The Chomp

The Student News Site of Gateway Regional High School

The Chomp

The Student News Site of Gateway Regional High School

The Chomp

The Student News Site of Gateway Regional High School

Nasa’s Scientific Approach to the Mystery of UFOs

Laurel Rose Barrett
Original Canva created by Laurel Barrett; UAP Data Collection – One of NASA’S Latest Projects

The ideas of aliens and Unidentified Flying Objects (UFOs) have always captured people’s interest. From horror movies to the internet joke of storming Area 51, UFOs will long linger in Americans’ hearts. But what does science say about UFOs? Who is better to ask than NASA, the leading group on all things space? 

NASA just published an independent study report on UFOs, also known as Unidentified Anomalous Phenomena, or UAPs. In this report, a group of professors and scientists looked at the current data available and identified gaps in the data. 

NASA’s knowledge of UAPs is not as extensive as most think. Devices and cameras that capture UAPs cannot collect the data that NASA needs. If NASA wants to be able to study UAPs, the cameras must produce a significant, high-quality dataset.

NASA is eager to study UAPs and the report has several ideas on collecting proper data. Currently, there is no system for the public to report UAPs, so NASA is losing a whole avenue for data collection. They suggested an app or website for reporting images and sounds. They also suggested working with the Federal Aviation Administration and their reporting system to develop a system for tracking potential UAP reports. 

For environmental monitoring devices and cameras, artificial intelligence (AI) and machine learning will have to be integrated to properly scan large datasets to detect anomalies. One of the issues with AI and machine learning is that they have to learn from something. Trying to teach AI how to detect UAPs without a proper dataset is a losing battle. NASA has many earth-observing satellites, and the U.S. commercial remote-sensing industry will provide a ton of data once the detection system gets off the ground.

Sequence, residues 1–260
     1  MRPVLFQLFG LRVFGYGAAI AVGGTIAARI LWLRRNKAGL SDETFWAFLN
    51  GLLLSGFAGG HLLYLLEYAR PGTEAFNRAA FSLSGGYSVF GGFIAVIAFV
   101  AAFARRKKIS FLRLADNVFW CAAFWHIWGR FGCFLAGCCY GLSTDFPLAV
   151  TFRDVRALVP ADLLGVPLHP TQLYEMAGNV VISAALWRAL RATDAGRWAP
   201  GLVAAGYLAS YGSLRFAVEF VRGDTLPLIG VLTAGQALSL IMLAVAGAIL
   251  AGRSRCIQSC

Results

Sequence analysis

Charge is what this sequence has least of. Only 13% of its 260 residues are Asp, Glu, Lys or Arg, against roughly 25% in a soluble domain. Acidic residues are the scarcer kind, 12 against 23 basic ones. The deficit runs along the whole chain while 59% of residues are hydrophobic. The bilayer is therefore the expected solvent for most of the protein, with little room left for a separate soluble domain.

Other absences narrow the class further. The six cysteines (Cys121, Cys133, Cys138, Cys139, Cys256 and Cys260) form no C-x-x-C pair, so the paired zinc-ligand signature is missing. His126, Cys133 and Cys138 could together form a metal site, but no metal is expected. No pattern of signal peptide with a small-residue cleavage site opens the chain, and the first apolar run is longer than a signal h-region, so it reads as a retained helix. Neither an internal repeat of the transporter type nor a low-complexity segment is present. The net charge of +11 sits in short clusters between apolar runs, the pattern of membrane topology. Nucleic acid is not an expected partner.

The report did not theorize where UAPs are coming from. However, it did mention that if NASA were to collect information they might start seeing some patterns. Once they begin to see patterns they might find that some mundane environmental factor causes some UAPs. 

To continue and to put into practice what the report suggested, NASA announced they now have a director of research on UAPs.

This is the first time that NASA has taken concrete action to seriously look into U.A.P.

— NASA administrator, Bill Nelson

In fear of backlash and threats, they did not initially provide a name, but later revealed that Mark McInerney would take the role. He has previously worked for NASA on studying UAPs. This research into UAPs could change much of what we know about science, and NASA wants it to be a priority for the future.

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About the Contributors
Abria Joshua
Abria Joshua, Staff Writer & Senior Copy Editor
Hi, My name is Abria Joshua! I’m currently a sophomore at Gateway and it is my first year here. I am in the book club, mock trial, and the senior copy editor for The Chomp! Outside of school, this is my third year doing team policy debate through NCFCA. I want to go into something science or politics related to hopefully work in conservation. I love all things reading, art, and animals!
Laurel Rose Barrett
Laurel Rose Barrett, Editor-in-Chief
I'm Laurel Barrett, and I am in my second year as the Editor-in-Chief of The Chomp! I am currently a junior, and my favorite subjects are English and Science. My hobbies are reading, writing, and creating artistic projects, like posters and models. I am a lawyer in Mock Trial, a President of Book Club, and I am an NJ-JCL Executive Board Officer. I'm also a member of Latin Club, NHS, World Language Honors Society, and Gateway's Mentor Program. Additionally, I am the social media manager of a NJ non-profit called P.U.R.E. Girls, Inc. and enjoy volunteering at Angels Community Outreach. I plan to become a patent lawyer in the future and practice somewhere in New England. I look forward to interviewing featured teachers, writing opinion pieces, and creating book reviews for The Chomp this year! If you want to join our team, feel free to email me @[email protected].
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